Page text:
Diversity: Where do you stand?
Take a look around, and you’ll see diversity across Virginia. Diversity exists not only in the state’s terrain, which offers mountains, beaches, lakes and more, but also in the people who live throughout Virginia and the types of jobs and companies the commonwealth has to offer.
In my role as a recruiter, aided by extensive travel in the United States and abroad, I have had the opportunity and privilege to interact with people from diverse backgrounds (education, cultural, socioeconomic, religion, etc.). I tend to ask a lot of questions to better understand the differences among the diverse, as well as to find common ground. I won’t claim to be the most open-minded person. However, based on my experiences in life, I think I am more open-minded than many.
I am bringing this to your attention because I believe the more open you are to diversity in your life on all fronts (the people in your life, the places where you socialize and travel, etc.), the more opportunities you will have professionally — and personally, too.
I was asked to participate in a panel discussion at an organization’s national convention in August about tapping into your entrepreneurial skill set within the accounting profession. While at the convention, I attended some panel discussions myself. I found it eye-opening when several women from a specific cultural background mentioned that they were raised to respect their elders and authority. And what I gathered as well was that maybe at times they didn’t think it was appropriate to speak up or make suggestions in a group setting — possibly because they were women. As a result, one woman told a story whereby one of her peers spoke up before she did at a meeting with a similar suggestion to hers and wound up getting credit for the idea.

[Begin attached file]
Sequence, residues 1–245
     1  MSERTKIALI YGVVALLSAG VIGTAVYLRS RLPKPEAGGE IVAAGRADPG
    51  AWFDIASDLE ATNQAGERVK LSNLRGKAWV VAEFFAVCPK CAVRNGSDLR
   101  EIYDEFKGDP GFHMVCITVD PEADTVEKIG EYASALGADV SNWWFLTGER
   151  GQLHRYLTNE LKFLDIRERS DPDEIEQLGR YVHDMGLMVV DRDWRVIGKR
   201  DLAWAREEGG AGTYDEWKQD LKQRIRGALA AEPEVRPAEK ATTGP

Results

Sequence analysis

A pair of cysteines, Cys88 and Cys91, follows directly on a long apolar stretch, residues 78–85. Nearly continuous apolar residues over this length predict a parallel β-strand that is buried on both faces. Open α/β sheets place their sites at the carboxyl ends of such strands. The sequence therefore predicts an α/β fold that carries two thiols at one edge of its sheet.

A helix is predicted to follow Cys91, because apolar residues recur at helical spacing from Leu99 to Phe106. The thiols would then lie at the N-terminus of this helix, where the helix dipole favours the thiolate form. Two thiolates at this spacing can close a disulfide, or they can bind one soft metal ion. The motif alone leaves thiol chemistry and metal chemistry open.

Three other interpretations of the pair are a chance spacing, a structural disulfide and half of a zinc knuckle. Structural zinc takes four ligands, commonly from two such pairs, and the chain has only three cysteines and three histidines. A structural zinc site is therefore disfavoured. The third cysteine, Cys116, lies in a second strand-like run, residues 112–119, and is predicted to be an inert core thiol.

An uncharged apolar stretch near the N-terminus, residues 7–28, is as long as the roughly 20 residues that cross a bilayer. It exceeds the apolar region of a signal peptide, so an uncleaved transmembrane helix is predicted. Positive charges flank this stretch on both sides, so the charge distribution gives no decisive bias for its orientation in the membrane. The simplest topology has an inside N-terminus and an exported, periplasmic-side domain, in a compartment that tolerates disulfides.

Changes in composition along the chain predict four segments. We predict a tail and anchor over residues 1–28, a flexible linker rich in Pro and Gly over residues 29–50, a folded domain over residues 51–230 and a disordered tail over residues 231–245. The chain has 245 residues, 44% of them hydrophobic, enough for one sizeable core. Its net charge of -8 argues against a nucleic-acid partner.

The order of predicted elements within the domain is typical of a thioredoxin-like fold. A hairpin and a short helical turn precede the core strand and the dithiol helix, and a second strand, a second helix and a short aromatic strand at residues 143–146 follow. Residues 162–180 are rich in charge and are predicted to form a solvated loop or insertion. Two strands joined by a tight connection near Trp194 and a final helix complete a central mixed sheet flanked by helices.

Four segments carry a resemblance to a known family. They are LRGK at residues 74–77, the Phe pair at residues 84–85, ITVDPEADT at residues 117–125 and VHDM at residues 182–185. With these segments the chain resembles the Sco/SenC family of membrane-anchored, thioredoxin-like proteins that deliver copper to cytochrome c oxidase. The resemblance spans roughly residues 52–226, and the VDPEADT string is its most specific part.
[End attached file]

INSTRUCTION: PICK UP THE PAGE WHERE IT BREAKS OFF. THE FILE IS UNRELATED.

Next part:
When I thought about the comments and challenges I heard from these women, I thought to myself how I didn’t face some of those same challenges. At the same time, I am sure I have faced challenges that they didn’t face.
I also chuckled to myself when I thought about that woman’s reluctance to speak up. I’m not sure if it’s from cultural or environmental factors — or just genetics and my personality — but I was encouraged to speak up. I also learned early on to challenge ideas and situations instead of taking things at face value. This trait did help me very early on in my career as an auditor and certainly has helped me as a recruiter and being self-employed.
My takeaway — and hopefully the women I met at the conference took away something similar — is that you have to understand where you come from and where you have been to know how to get to where you want to go.
Although surrounding yourself with like-minded people may provide comfort in your personal life, this could work against you and limit you in the workplace.
Hopefully you are satisfied where you are in today’s business world. Although from the telephone calls and emails I receive, many people seem to be frustrated with their situation for many different reasons. However, when I make suggestions about how to go about and make changes or come up with a strategy to make changes, I seem to get a lot of resistance. So what can you do to diversify your options?
I could come up with a long list of ideas as to how to add diversity to your life and get out of your comfort zone if that is hard for you to do. I am not saying you need to totally revamp your life; however, what you may uncover and discover may be just what you need. And if I take my own advice, I, too, need to continue to expand the diversity in my life, including exploring and standing in the many great diverse areas of Virginia!
Beth A. Berk, CPA, CGMA is an independent recruiter who lives in Bethesda, Maryland, in an area very close to the Virginia border. She has lived and worked in Virginia and socializes and networks there regularly. She can be reached at [email protected] or at (301) 767-0670.